17 October 2013

Yemen/USA: License to Kill; Why the American Drone War on Yemen Violates International Law

Since 2009, the United States has regularly bombed Yemen. These aerial attacks have occurred in almost every province of the country. In the past two years, the number of drone strikes has multiplied and the infrastructure required for these attacks have been expanded, not only in Yemen, but also in neighboring Saudi Arabia and Djibouti. Since the first strikes in November 2002 and until the writing of this report in July 2013, the United States has carried out between 134 and 234 military operations in Yemen. These include strikes by aircraft and drones as well as missiles launched from warships located in the Gulf of Aden. According to various sources, estimates of the number of people killed range from 1000 to 2000. However, to this day, neither the Yemeni nor the American authorities have put forward official statistics on the number of casualties.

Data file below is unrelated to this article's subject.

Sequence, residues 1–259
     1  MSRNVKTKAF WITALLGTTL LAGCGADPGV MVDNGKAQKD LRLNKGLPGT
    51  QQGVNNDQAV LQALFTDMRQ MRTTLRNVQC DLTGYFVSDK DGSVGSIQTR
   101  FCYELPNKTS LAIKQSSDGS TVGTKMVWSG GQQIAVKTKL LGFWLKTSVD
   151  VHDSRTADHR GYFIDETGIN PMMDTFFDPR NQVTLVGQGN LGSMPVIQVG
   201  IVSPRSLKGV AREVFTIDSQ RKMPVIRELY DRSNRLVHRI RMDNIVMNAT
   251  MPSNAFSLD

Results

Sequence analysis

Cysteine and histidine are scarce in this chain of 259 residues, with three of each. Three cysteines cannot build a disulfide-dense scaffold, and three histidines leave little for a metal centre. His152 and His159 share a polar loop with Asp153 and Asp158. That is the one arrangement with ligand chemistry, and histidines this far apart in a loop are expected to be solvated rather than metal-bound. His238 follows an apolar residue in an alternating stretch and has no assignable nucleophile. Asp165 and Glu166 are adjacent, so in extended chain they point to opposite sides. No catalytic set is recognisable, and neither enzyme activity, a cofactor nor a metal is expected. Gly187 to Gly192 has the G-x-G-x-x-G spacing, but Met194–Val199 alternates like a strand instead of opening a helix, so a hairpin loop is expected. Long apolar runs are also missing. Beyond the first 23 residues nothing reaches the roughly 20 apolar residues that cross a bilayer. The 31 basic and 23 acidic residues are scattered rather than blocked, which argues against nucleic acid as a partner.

Alkarama carried out a number of field investigations in Yemen throughout 2012 and 2013, in order to gather witness accounts and victim testimonies about these attacks, as well as information from their families and lawyers. Interviews were also held with government officials and members of civil society.

Yemen Drone Public Report - Cover
Original in french

Since 2009, the United States has regularly bombed Yemen. These aerial attacks have occurred in almost every province of the country. In the past two years, the number of drone strikes has multiplied and the infrastructure required for these attacks have been expanded, not only in Yemen, but also in neighboring Saudi Arabia and Djibouti. Since the first strikes in November 2002 and until the writing of this report in July 2013, the United States has carried out between 134 and 234 military operations in Yemen. These include strikes by aircraft and drones as well as missiles launched from warships located in the Gulf of Aden. According to various sources, estimates of the number of people killed range from 1000 to 2000. However, to this day, neither the Yemeni nor the American authorities have put forward official statistics on the number of casualties.